The City of Cape Town, recent host to the African Utility Week, strives to be at the forefront of sustainable development in South African local government. In fact, Cape Town is the first local authority in South Africa to establish a dedicated Resource Conservation Branch of Energy and Climate Change of which Sarah Ward is the manager.
City takes responsibility
The city has established The Energy and Climate Action Plan which has a number of goals, of which one is to achieve 10% renewable and cleaner energy supply by 2020. In addition, the city aims to meet growth in electricity demand with cleaner renewable power.
The plan’s other objectives include:
Building a more compact, resource-efficient city
Developing a more sustainable transport system
Raising awareness and promoting behavior change through communication and education
Undertaking research and development to improve on the plan
Establishing data management systems
Monitoring and evaluating the plan annually
The council or local authority is also taking responsibility for its energy usage and are leading by example. They are currently boasting energy savings of R18 million per year. The council aimed for a 10% reduction in energy consumption by 2012 but this target was exceeded and they reached 12.8% instead. Ward points out that most of the traffic lights have been retrofitted, low wattage street lights are being used instead, and council buildings are installing photovoltaic rooftop panels.
Programs have been put into place to help the community save electricity. Customers are given tips on www.savingelectricity.org.za. The campaign has been running since 2010/2011 and all customers can participate in some way. Some tips don’t cost a penny, while others involve a low cost such as wrapping pipes. Bigger investments, such as solar water heating is also suggested to those who are interested. Says Ward, “Investment savers such as solar water heating, provide a great deal of savings and have long-term benefits. While it saves the customer money in the long-term, these investments also provide jobs in the community.”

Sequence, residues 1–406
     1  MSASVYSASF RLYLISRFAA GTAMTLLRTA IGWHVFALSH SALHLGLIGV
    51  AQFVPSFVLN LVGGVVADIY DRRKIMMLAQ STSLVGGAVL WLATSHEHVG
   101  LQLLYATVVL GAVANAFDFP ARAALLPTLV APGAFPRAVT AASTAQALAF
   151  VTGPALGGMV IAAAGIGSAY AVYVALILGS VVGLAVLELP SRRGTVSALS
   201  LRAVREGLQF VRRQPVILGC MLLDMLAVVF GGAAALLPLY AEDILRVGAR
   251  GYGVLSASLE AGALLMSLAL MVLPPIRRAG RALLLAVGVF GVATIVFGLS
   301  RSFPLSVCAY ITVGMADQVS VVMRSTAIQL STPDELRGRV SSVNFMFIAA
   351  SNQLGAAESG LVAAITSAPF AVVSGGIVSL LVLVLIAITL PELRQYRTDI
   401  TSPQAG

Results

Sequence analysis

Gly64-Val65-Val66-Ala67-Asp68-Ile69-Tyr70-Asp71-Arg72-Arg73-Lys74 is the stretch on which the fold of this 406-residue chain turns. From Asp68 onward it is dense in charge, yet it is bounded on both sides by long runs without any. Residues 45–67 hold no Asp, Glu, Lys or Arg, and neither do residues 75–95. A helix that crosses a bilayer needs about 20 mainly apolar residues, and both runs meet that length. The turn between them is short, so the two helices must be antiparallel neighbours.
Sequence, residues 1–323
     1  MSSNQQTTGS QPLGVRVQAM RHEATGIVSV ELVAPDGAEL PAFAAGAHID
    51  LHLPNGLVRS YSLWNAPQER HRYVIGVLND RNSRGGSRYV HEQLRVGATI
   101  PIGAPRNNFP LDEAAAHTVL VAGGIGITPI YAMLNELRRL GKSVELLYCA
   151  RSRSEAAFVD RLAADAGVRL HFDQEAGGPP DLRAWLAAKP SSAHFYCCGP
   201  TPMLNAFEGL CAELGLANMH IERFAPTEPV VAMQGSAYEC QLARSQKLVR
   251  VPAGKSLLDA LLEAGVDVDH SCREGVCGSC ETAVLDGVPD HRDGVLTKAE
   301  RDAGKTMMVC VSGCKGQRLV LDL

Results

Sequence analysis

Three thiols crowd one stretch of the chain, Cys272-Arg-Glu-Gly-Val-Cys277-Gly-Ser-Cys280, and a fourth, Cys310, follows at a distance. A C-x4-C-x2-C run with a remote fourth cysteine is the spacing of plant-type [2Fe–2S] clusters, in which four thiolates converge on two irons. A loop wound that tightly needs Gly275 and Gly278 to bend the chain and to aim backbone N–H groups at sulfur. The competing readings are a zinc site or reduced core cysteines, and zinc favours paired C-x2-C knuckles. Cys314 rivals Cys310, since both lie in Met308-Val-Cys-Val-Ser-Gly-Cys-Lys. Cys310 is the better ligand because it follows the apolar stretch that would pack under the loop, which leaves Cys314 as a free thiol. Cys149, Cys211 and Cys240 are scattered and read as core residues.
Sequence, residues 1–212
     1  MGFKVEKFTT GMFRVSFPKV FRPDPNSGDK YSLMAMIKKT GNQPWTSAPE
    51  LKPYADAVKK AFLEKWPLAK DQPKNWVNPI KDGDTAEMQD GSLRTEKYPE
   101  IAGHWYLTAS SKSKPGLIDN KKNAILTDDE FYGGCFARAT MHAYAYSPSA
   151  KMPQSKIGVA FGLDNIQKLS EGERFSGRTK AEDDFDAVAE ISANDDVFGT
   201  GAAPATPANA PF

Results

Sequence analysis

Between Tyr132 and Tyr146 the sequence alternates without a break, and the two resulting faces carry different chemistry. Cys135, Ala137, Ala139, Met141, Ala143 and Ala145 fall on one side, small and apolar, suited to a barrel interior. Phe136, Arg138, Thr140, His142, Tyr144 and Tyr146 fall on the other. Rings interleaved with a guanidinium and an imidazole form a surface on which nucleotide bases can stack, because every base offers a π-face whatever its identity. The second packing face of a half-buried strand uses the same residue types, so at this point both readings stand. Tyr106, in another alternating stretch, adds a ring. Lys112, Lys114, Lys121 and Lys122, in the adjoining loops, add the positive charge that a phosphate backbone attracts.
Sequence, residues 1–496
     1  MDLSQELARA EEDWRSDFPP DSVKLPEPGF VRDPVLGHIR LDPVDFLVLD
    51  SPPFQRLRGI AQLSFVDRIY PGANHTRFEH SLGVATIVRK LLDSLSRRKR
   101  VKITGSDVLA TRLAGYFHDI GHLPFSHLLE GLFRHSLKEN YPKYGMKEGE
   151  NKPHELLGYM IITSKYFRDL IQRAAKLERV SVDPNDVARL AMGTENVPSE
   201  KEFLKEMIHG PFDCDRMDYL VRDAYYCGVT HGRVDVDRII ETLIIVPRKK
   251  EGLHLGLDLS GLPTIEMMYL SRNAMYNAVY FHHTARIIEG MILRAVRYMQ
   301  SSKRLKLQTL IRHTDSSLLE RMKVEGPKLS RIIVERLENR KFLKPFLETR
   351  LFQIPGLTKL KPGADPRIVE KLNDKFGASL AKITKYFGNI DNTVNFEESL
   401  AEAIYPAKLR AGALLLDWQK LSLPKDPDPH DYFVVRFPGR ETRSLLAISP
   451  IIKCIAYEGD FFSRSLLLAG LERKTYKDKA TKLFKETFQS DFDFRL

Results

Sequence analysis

Customer tips include:
Fitting energy efficient light bulbs
Use the shower instead of the bath
Lower the geyser temperature
Install solar water heaters (a solar water heater accreditation program has been established).
Solar Water Heating is about sustainability
Solar Water Heating has major potential for energy reduction and long-term sustainability. The council carried out research before they launched the program and discovered that 76.9% have an informed opinion about solar water heating.
Unfortunately there was a huge lack of trust in installers- only 31% agreed that installers are competent. However, consumers chose the council as the most trusted installer at 71.7%. Says Ward, “While this was exciting for council, we were put under pressure to get it right! Consumers can now choose an accredited installer from our website.”
While the cost of this heating system proves to be a major barrier (85.9% say they can’t afford it), the accredited suppliers will help with a payment scheme to suit various pockets.
Ward explains that the solar water heater program has many financial benefits for households and the city’s economy, as well as the environment.
For each 100,000 heating systems installed, the following savings are made:
•The city of Cape Town gets to keep R300 million per annum that would have been paid to the national utility, Eskom
•A total of R800 million per annum in savings from households once systems are paid off
•About R1 billion will be invested in local solar water heater business which creates local employment
•Electricity savings of 280 000 MWh per annum will be made (This is 3% of the city’s total current consumption)
•280 000 tons of carbon per annum
The commercial sector is on-board
An Energy Efficiency Forum, a public-private partnership, has been established for the commercial sector which helps businesses in the city to become more energy efficient. The Forum also awards those who have been successful in their programs.
The Forum, launched in 2009, currently has over 1500 registered members. The members meet three times a year to receive technical support and share innovative ideas.
“It makes complete business sense to be more energy efficient and the competition gives companies a lot of positive exposure. Companies learn a great deal from each other from each other,” explains Ward of the Forum.
Forum member and award winner, V&A Waterfront made an investment of R22 million and has managed to save 11,3 GWh/a or 15,5%. The return on investment was under five years. Their success was due to:
A robust energy management system
Variable speed drives on pumps and motors
Credible metering and billing systems
Targets in staff performance contracts
The creation of their own Sustainability Committee
Award winner and member, Woolworths, cut their power consumption by more than 31%. Their success was due to:
Building a management computerised system with a centralised control
Every business unit has to adhere to energy efficiency goals
The creation of staff awareness programs
To become an Energy Efficiency Forum member, visit the website at www.capetown.gov.za/EnergyForum